Micropayments are bad for you

You probably think of micropayments as a huge convenience. You walk into the coffee shop, order a coffee and then with nothing more than your phone and your thumbprint, the coffee is paid for.

It’s so easy. The phone was in your hand anyway! And there’s that satisfying “ping” and the little tremor in your phone as it signals its acceptance of the payment. So cool. The future is here!

Everything about the experience is satisfying. It’s frictionless, didn’t involve handling cash, or calculating change, it only took six seconds and with a smart watch, you didn’t even need to reach into your pocket.

Contactless micropayments are so easy!

Micropayments make it difficult to control your spending

Contactless payments now represent a larger proportion of total spending than cash. But this comes at a cost:

A London Business School professor, Niro Sivanathan, recently claimed that parting with cash is “psychologically painful”, but that paying for items with a contactless card “anaesthetises the psychological pain that accompanies payment, seducing us into splashing out”. And the Bank of England last month suggested that the popularity of contactless cards was helping to fuel the rapid growth in consumer debt.

The message is clear: Micropayments, especially when associated with contactless technology, are kryptonite to your impulse-control.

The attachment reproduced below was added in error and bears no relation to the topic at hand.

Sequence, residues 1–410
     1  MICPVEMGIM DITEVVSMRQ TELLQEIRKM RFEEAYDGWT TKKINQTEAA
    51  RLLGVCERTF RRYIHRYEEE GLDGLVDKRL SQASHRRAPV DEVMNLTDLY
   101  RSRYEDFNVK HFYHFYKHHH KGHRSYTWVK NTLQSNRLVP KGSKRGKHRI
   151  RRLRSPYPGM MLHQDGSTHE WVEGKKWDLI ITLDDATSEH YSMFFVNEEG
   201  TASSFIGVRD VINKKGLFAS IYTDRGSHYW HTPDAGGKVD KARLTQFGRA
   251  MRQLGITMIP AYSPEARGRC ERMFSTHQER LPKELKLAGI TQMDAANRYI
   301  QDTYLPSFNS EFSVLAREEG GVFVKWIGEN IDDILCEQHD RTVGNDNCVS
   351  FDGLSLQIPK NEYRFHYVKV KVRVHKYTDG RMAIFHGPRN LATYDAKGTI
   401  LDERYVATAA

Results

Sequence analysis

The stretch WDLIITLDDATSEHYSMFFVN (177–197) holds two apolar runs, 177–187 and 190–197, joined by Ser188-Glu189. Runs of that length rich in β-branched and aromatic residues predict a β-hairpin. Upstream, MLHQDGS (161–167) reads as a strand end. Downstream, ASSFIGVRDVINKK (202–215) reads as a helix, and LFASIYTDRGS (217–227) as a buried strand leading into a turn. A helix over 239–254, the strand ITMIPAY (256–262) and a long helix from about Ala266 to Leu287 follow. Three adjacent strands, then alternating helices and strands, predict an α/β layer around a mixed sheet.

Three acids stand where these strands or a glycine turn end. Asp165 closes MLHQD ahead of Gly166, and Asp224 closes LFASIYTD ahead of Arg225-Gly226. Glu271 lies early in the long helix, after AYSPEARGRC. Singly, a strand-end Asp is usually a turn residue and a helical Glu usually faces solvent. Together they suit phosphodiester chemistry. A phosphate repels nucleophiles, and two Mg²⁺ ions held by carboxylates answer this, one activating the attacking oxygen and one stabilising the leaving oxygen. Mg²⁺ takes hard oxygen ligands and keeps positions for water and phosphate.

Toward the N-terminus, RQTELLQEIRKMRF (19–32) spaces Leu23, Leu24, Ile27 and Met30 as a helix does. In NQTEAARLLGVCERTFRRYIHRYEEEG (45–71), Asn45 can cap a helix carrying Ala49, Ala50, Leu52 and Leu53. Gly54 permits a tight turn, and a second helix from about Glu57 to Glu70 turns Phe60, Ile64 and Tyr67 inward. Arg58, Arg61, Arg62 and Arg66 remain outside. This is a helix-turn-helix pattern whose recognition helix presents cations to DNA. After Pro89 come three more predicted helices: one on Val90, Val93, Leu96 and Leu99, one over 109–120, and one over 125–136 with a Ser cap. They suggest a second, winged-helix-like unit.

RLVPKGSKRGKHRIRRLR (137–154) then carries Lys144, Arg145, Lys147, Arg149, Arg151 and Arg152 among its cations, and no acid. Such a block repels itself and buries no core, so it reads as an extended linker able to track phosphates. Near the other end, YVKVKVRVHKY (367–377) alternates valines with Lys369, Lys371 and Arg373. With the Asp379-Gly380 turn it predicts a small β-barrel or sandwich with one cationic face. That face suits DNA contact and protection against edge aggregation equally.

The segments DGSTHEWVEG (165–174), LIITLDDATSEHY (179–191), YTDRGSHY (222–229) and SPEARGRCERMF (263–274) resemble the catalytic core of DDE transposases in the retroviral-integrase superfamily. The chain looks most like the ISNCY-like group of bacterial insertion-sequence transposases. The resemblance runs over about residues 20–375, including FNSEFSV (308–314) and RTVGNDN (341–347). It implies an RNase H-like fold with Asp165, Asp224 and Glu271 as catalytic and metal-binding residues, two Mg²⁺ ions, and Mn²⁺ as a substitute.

Contactless payment with a mobile phone
One wave of the phone and you’re that much poorer

Quite often, you won’t even remember buying something, because it’s a small amount, required no thought, was paid entirely with muscle memory and your conscious brain was barely involved.

Our habits are formed around the constraints and challenges of normal life. When paying for something requires even a little effort, we stop and think before we make the purchase. This makes us cluster our purchases into bigger transactions, which means we think more about them.

Micropayments dramatically lower the difficulty threshold for spending small amounts of money. This has two main effects:

  1. We more enter into small transactions more easily, buying more things in lower price ranges because it’s so effortless and our brain rounds everything small down to zero
  2. We split large shopping runs into lots of small shopping events. Need a pint of milk? Grab it at the store on the way home. Forgot to buy the tomatoes for dinner? Pop out to the local grocers! This means lots of our spending is unplanned because we can always get what’s missing later.

This is a problem. Small transactions add up, and failing to plan your grocery shopping properly leads to lots of impulse purchases. It also means we buy more things in small quantities, in expensive shops.

Micropayments mess up your bank statements

The online bank statement is your primary source of information about where your money is going. Each transaction on there needs to be categorized and measured.

That’s easy when you have only a few transactions, but with a few dozen micropayments cluttering the list each month it becomes trickier to keep up. The additional work means your budget tracking takes more time and becomes more of a burden.

It also increases the chances of missing or placing transactions in the wrong categories.

Should you stop using micropayments?

I believe you should try to limit micropayments as much as you can.